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'Forrest Gump' and Hannibal Lecter join the National Film Registry

  • Pop2it
A pair of best picture winners from the early 1990s, one of Charlie Chaplin's best-known films and the animated classic "Bambi" are among the movies joining the National Film Registry in 2011.

The Library of Congress picks 25 movies each year that are "culturally, historically or aesthetically" important to add to the registry. They're usually a mix of silent movies from the early days of motion pictures, Hollywood hits, documentaries and avant-garde films. This year is no different.

The most immediately recognizable titles in the 2011 class are Disney's well-loved "Bambi" and "Forrest Gump" and "The Silence of the Lambs," both of which won multiple Oscars (including best picture) in the '90s. Others include Chaplin's 1921 classic "The Kid," Billy Wilder's "The Lost Weekend," John Cassavetes' "Faces" and John Ford's 1924 silent film "The Iron Horse." Robert Rodriguez's first movie, the made-for-$7,000 "El Mariachi," is also on the list.
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Bambi, Gump and Hannibal Lecter Land On National Film Registry

  • NextMovie
When the entire world population is consumed by the unstoppable (and caffeinated) Starbucks Super-Flu pandemic in 2055, we can rest easy knowing our cinematic treasures have been carefully preserved by the National Film Registry, whose goal is to retain 25 "culturally, historically, or aesthetically significant films" in the Library of Congress annually.

With more than 2,000 titles nominated in 2011 alone, the list of this year's crop of movies include Walt Disney's "Bambi," Robert Rodriguez's "El Mariachi," Charles Chaplin's "The Kid" and Robert Zemeckis' "Forrest Gump."

Just from those four films alone, you can see that the criteria for inclusion has cast its net pretty wide, with everything from Pixar co-founder Ed Catmull's "A Computer Animated Hand" (1972) whose significance we covered back in September, John Cassavetes' highly influential indie domestic drama "Faces" (1968), to Jonathan Demme's 1991 Best Picture winner "Silence of the Lambs," in which, incidentally, Anthony Hopkins' character takes people's faces.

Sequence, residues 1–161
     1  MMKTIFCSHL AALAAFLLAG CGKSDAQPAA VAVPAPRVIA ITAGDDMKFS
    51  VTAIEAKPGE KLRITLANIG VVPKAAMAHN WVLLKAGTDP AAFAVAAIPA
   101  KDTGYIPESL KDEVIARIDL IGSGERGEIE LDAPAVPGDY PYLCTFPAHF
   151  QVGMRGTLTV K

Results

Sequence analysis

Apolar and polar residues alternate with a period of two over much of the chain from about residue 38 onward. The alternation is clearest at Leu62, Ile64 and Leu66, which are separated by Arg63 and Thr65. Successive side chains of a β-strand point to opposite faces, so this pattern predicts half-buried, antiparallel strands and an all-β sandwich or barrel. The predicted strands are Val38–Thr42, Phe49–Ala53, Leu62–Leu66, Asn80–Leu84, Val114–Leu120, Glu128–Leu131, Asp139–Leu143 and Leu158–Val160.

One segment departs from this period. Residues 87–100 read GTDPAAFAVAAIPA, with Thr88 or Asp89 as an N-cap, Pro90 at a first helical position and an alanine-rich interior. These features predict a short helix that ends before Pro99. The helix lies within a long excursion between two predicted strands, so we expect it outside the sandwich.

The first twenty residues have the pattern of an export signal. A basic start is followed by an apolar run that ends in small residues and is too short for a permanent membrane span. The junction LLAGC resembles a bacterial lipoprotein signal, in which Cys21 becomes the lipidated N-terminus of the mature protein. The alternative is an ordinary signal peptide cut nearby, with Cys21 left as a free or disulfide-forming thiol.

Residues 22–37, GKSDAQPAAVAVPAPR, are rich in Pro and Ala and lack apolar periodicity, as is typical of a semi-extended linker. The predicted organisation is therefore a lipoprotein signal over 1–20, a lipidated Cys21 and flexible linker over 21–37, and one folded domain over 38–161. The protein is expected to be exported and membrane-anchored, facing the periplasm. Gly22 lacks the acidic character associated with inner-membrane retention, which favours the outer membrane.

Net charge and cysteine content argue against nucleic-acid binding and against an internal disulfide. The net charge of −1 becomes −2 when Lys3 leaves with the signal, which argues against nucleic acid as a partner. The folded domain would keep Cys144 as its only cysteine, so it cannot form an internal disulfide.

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National Film Registry adds “Bambi,” “Lambs,” “Gump”

By Sean O’Connell Each December, the Library of Congress adds new films to its preservation list. Today, they revealed the 25 selected titles that will be protected by the National Film Registry.

Walt Disney’s “Bambi,” Robert Zemeckis’ “Forrest Gump,” and Charlie Chaplin’s classic “The Kid” are among the movies selected for this year’s list.

“These films are selected because of their enduring significance to American culture,” Librarian of Congress James H. Billington said. “Our film heritage must be protected because these cinematic treasures document our history and culture and reflect our hopes and dreams.”

Annual selections are finalized by the Librarian, who reviews hundreds of titles nominated by the public. This year 2,228 films were nominated for consideration. The Library of Congress Packard Campus for Audio Visual Conservation then works to ensure that every film added to the Registry is preserved for generations to come.

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Latest National Film Registry Entries Include ‘Forrest Gump,’ ‘Bambi,’ and ‘El Mariachi’

  • The Film Stage
I’m never one to put significant stock in the film-based choices made by any kind of committee — be it an awards group, critics circle, soup kitchen line, etc. — but the National Film Registry is a little different. Not that they’re any different than those aforementioned organization types, but because the government assemblage preserves works deemed “culturally, historically or aesthetically significant.” No small potatoes.